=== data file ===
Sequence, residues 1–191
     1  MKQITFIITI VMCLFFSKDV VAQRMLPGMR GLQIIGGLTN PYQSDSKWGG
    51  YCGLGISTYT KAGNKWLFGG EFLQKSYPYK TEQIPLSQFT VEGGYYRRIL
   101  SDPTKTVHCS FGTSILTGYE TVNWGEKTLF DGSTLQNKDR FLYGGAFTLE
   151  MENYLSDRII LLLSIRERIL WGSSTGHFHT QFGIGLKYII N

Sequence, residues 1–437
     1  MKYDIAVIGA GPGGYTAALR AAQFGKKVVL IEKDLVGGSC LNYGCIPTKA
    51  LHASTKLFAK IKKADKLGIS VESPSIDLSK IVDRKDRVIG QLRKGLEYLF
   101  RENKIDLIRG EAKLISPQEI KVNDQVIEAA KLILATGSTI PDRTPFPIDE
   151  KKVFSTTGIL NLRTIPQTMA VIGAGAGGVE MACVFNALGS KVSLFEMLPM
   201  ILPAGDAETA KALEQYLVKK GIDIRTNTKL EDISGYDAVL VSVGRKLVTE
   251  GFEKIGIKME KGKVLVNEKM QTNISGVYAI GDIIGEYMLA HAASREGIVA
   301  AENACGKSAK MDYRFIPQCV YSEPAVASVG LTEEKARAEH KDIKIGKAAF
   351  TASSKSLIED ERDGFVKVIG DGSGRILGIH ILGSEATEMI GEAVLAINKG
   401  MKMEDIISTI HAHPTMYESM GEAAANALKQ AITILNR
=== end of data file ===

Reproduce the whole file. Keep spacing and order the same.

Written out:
Sequence, residues 1–191
     1  MKQITFIITI VMCLFFSKDV VAQRMLPGMR GLQIIGGLTN PYQSDSKWGG
    51  YCGLGISTYT KAGNKWLFGG EFLQKSYPYK TEQIPLSQFT VEGGYYRRIL
   101  SDPTKTVHCS FGTSILTGYE TVNWGEKTLF DGSTLQNKDR FLYGGAFTLE
   151  MENYLSDRII LLLSIRERIL WGSSTGHFHT QFGIGLKYII N

Sequence, residues 1–437
     1  MKYDIAVIGA GPGGYTAALR AAQFGKKVVL IEKDLVGGSC LNYGCIPTKA
    51  LHASTKLFAK IKKADKLGIS VESPSIDLSK IVDRKDRVIG QLRKGLEYLF
   101  RENKIDLIRG EAKLISPQEI KVNDQVIEAA KLILATGSTI PDRTPFPIDE
   151  KKVFSTTGIL NLRTIPQTMA VIGAGAGGVE MACVFNALGS KVSLFEMLPM
   201  ILPAGDAETA KALEQYLVKK GIDIRTNTKL EDISGYDAVL VSVGRKLVTE
   251  GFEKIGIKME KGKVLVNEKM QTNISGVYAI GDIIGEYMLA HAASREGIVA
   301  AENACGKSAK MDYRFIPQCV YSEPAVASVG LTEEKARAEH KDIKIGKAAF
   351  TASSKSLIED ERDGFVKVIG DGSGRILGIH ILGSEATEMI GEAVLAINKG
   401  MKMEDIISTI HAHPTMYESM GEAAANALKQ AITILNR